Darwin, the city named after the great man himself, Charles. I had high expectations of the town which I was quickly informed should be lowered.
I hadn’t done much research as what was to do in Darwin. The reason I was there was to catch a flight, but seeing as I had 3 days to play with I had to find something to do. Going on Hostelworld (www.hostelworld.com) I found the cheapest hostel, which just happened to be over the road from where I was dropped off. I was welcomed by screaming aborigionals outside the front door, dropped my bags and went straight to sleep, ready to start in the morning.
On the balcony I met a Scottish guy who’d been in Darwin a couple of months working, so I thought he was the perfect guy to ask what there was to see and do in Darwin.
Not a promising start, so I asked a few others at the hostel
Things wernt looking too promising. However I took their advice. I sat on the rooftop bar and drank with the other patrons of the hostel, endulging in some intense rounds of crab racing surrounded by even more screaming aborigionals. My crabs seemed to know there was free booze on the line as they didn’t start to move until the other crabs had won. Regardless by using my charm I managed to convince a couple of people to gift me their prizes, which were drinks vouchers which included a free jug of beer, and the Belgian guy I befriended a voucher for the club we’d be visiting, ensuring we had a cheap night.
We arrived in the club to find the barmaids all wearing the same outfit, neon orange bikini tops, I could see why this place was so popular. Just to emphasise how expensive Australian booze really is, the Belgian used his $30 voucher for the club for us to have some drinks, which were 2 vodka mixers and 2 shots…$30. If the barmaids wernt enough entertainment, we were treated to a beauty competition. The finest in international beuties were paraded infront of us for our drunken judgement, i.e. there were no loser. I happened to catch the santa hat thrown by my personal favourite, which for some reason was still in my possession all the way through to Indonesia.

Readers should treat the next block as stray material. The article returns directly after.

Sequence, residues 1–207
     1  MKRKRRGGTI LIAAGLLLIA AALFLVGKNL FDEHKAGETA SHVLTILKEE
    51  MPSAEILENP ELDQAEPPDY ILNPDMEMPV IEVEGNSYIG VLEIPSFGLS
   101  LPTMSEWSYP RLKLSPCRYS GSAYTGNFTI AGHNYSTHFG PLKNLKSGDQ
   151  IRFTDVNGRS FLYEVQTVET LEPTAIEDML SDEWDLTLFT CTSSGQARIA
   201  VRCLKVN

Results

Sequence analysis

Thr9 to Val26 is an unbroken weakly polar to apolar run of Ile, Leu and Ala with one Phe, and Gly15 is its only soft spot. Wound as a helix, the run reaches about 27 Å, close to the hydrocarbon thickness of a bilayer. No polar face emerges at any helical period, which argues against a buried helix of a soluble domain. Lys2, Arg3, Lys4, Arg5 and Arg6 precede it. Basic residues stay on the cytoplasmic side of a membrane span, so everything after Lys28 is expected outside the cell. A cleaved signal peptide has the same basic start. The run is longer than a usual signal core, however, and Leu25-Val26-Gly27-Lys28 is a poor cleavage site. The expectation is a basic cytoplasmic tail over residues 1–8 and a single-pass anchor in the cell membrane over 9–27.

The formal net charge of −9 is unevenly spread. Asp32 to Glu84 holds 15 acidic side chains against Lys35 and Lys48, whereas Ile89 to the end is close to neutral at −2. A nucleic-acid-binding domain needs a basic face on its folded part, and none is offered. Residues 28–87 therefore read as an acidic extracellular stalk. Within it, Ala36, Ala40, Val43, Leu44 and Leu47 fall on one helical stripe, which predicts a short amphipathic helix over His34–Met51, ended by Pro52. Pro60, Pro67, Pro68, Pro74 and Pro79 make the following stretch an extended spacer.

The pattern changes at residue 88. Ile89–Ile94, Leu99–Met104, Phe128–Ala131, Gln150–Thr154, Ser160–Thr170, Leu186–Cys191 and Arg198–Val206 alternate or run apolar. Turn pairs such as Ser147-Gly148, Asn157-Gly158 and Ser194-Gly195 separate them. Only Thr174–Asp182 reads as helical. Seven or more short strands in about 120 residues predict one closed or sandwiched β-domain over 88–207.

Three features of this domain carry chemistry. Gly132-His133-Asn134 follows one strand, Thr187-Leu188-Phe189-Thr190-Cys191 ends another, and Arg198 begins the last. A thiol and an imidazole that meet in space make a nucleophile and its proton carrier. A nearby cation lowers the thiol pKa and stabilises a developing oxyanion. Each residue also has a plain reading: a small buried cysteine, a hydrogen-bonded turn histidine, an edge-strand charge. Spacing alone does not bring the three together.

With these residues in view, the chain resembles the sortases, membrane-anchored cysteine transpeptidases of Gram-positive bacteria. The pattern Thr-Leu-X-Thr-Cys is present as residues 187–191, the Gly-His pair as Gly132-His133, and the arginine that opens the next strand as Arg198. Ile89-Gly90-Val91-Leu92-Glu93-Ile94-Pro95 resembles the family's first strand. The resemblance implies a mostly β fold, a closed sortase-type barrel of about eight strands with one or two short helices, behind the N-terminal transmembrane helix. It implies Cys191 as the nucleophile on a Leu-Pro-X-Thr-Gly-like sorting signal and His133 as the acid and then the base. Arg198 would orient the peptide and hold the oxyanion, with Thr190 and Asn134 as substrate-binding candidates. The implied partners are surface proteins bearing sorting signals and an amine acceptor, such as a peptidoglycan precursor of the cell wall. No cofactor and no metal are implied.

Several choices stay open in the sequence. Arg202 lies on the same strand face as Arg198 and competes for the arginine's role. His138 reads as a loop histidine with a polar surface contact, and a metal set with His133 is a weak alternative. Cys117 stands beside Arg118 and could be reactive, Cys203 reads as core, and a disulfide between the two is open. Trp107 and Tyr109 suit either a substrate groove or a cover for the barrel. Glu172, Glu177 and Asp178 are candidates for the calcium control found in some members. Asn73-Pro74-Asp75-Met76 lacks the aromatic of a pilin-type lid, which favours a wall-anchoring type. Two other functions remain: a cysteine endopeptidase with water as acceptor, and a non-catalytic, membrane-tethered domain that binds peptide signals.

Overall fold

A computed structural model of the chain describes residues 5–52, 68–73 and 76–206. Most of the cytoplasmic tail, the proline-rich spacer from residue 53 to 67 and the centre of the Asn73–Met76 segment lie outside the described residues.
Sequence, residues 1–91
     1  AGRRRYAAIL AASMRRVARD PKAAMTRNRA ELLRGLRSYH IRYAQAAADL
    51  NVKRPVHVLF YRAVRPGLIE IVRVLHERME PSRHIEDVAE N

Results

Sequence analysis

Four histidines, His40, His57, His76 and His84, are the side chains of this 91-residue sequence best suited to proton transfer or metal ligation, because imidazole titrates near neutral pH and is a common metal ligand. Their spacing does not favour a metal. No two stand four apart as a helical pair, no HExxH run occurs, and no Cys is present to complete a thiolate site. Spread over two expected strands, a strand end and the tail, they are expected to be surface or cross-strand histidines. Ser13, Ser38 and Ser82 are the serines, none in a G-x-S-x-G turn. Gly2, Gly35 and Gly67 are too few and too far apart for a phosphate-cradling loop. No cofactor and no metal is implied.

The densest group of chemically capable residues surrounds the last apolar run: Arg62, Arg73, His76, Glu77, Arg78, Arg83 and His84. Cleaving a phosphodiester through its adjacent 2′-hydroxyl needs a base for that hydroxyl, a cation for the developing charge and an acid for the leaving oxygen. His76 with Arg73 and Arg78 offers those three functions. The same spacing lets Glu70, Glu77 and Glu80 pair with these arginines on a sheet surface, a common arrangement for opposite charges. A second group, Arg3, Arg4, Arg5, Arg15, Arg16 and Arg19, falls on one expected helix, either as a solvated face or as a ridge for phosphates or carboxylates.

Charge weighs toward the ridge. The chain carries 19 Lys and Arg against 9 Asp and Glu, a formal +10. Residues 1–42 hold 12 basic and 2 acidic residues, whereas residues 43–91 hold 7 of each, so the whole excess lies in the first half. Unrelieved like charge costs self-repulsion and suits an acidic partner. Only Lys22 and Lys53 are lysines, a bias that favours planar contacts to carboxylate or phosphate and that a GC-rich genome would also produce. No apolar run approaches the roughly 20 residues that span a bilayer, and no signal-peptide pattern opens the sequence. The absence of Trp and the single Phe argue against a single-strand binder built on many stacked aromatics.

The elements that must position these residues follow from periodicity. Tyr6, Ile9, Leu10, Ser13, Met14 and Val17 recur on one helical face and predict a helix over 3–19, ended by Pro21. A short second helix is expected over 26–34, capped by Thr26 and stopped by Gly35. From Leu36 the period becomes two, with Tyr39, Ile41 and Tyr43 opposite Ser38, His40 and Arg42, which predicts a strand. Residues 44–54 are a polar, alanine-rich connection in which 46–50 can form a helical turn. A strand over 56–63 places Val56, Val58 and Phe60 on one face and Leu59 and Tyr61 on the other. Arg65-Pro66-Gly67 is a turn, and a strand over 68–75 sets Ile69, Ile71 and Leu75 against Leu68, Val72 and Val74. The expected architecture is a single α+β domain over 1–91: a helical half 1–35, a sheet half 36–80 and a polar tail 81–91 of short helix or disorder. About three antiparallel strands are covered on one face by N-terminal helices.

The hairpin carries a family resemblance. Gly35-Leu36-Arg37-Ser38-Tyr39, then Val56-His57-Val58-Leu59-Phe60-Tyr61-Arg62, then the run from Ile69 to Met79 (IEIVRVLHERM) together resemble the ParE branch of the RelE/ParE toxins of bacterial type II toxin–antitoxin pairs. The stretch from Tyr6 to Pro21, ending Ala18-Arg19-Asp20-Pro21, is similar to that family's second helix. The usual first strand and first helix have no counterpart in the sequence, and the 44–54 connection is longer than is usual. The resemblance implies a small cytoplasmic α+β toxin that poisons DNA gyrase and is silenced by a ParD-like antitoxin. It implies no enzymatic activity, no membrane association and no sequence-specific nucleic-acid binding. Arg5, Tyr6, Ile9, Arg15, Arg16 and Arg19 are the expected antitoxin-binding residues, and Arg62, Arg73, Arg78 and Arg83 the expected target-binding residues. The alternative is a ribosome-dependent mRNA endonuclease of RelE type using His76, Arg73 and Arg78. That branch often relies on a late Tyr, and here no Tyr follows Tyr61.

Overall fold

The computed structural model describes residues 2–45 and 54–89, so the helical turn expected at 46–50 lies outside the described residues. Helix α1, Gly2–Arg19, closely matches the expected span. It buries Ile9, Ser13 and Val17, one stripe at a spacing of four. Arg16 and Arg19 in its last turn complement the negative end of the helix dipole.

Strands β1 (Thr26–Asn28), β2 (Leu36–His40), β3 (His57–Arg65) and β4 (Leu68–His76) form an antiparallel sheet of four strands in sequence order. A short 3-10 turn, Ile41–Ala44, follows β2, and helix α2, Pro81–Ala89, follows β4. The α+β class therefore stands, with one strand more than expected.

The second day I made my way to the harbour, which was more of a symbolic activity than anything. I had been to the deep south of Australia, visiting the penguins on the oceans of Melbourne. I had followed the sea all the way up the east coast to the North Eastern tip in Cairns. I had been to the red centre of Alice Springs. And now here I was at the northern tip of Australia, back at the ocean, where my journey would end.
I was teased at the prospect of visiting the oil tunnels of Darwin, which were a significant part of the Second World War. Being a bit of a war buff, particularly as a child, I was excited by the prospect. It was closed. I did get to stand at the viewpoint, somewhere during WWII that the people of Darwin would stand to observe the port, and inspect the damage done by the Japanese. Things like that in particular send a shiver down my spine. Being somewhere where you know played a huge significance once upon a time, that you’re standing where people involved and effected by the war once stood.
At that point, the heat had got the better of me, as I could feel my weight deplete in sweat. I made my way back to the hostel where I stayed until my flight. Which brought a quite restrained end to an otherwise thrilling 5 week journey of Australia. Next stop, in my next country, Bali, Indonesia.
A Welsh university drop-out on a mission to travel the world for as little money as possible.
My adventures have taken me through over 30 countries across Europe, Asia and Oceania, and the list keeps on growing! From classic backpacking to working and volunteering, I have found all sorts of ways to maintain a life on the road.